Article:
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Ep 4: Build your resilience: a meta perspective
Episode 411th April 2023 • Empowered Introvert • Heidi Jandel Weiland
00:00:00 00:31:08

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Introverts often have sensitive nervous systems that get stressed easily by the ups and downs of life. But this isn’t a life sentence! You CAN influence your tendency to feel stress and anxiety by building your resilience to stress. 

This episode will provide you with big picture information about how resilience works so that you make empowering choices for your highest wellness. I look at common patterns that contribute to lower resilience, the role that coping strategies play and what it looks like to cultivate resilience.

I also include 3 of my favorite (and super easy) tips for soothing your nervous system and building your capacity to cope with stress.

Transcripts

Heidi:

Hello, my beautiful introvert friend. Welcome to episode four of the Empowered Introverts Podcast, where we're gonna talk about resilience. but first I want to thank you so much. For listening. Thank you to everyone who has listened to the first three episodes in my big launch last week who have left reviews and sent me words of encouragement and appreciation. 


Heidi:

Thank you so, so much. It really, energizes me and inspires me to continue to, 


Heidi:

do this podcast and. Like I would do it anyways, but it's so lovely to hear from you and how it's impacting you. So cool. So before I get started, I wanna just talk a little bit about the way that we're going to cover the topic of resilience. 


Heidi:

And there are, so, there's so much information out there about things that you can do. Practices to, put in place so that you feel more calm, get less stressed out, more resilient. And while I will share some practices towards the end, I wanna take a different approach here of a more meta approach of really, looking at.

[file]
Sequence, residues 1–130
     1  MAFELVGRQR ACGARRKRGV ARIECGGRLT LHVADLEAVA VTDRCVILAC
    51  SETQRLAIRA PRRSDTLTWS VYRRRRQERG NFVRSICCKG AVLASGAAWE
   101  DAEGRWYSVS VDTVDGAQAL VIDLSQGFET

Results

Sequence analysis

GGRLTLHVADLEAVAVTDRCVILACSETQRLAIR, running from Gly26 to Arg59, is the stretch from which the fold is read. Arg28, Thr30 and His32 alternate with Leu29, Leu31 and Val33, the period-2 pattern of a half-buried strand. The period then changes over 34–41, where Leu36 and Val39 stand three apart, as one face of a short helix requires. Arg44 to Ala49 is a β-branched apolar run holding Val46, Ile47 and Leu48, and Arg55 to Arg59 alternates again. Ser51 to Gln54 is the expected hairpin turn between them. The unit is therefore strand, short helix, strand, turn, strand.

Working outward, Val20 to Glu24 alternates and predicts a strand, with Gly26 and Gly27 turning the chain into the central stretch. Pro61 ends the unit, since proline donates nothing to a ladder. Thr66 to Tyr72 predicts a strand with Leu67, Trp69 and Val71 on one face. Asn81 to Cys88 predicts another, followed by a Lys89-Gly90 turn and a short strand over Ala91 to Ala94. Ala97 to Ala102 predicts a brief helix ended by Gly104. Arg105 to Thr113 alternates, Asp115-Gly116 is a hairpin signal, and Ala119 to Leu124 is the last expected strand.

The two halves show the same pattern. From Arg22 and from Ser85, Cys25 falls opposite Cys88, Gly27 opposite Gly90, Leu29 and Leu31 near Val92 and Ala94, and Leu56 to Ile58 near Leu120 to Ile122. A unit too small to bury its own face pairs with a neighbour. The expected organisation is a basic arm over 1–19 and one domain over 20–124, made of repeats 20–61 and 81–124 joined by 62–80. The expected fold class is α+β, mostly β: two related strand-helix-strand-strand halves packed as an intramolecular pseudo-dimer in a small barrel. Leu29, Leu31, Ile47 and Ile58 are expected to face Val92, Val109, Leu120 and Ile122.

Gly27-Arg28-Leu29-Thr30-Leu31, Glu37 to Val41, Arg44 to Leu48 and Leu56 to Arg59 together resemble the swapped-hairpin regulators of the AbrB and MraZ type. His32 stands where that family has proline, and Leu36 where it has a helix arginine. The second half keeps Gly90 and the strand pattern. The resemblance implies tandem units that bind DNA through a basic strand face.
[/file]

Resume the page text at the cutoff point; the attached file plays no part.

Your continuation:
Heidi:

This from the bigger picture, from the mindset and from the logic, so that you understand how, 


Heidi:

how the nervous system works and, and what you wanna be thinking about at different points of a stressful event in order to support yourself so that then from there, you can then choose the tools that you want to use. 


Heidi:

I think that this is such a better approach or the way that I wanna approach it because it's a lot more empowering cuz when you understand how, the nervous system works and you understand what is. Decreasing your resilience. What is increasing it in terms of decision making, in terms of habits, the, the bigger picture, then you are able to, 


Heidi:

to kind of take care of yourself. 


Heidi:

You're able to, 


Heidi:

to respond to your needs, to perceive what's going on in yourself. And that just gives you so much more. to, your own wisdom, right? So, and that's really what this is all about. so we'll be talking a lot about the nervous system and last week at episode three, we had an, that was understanding the introvert nervous system specifically, that that episode was specifically for that. 


Heidi:

So, I will, might be referring back to it if you haven't listened to it, you might wanna do so. before or after this episode. And, with that as an example of, uh, what it means to be taking, care of resilience, your own resilience. This week I'm actually taking off. And while I am recording this, the day before it comes out, I, 


Heidi:

the rest of the week I'm going to be on a staycation. 


Heidi:

And I, very purposely time this to follow my launch because launching the podcast involved a lot of energy output. It involved a lot of. Of discomfort of going beyond my homeostasis or my comfort zone. And so as part of my empowered, way of doing work this week, I'm going to take it really easy. I am going to spend a lot of time in nature doing yoga and meditation and journaling, doing music. 


Heidi:

All the fun things and really doing less, and I can already feel this past weekend I,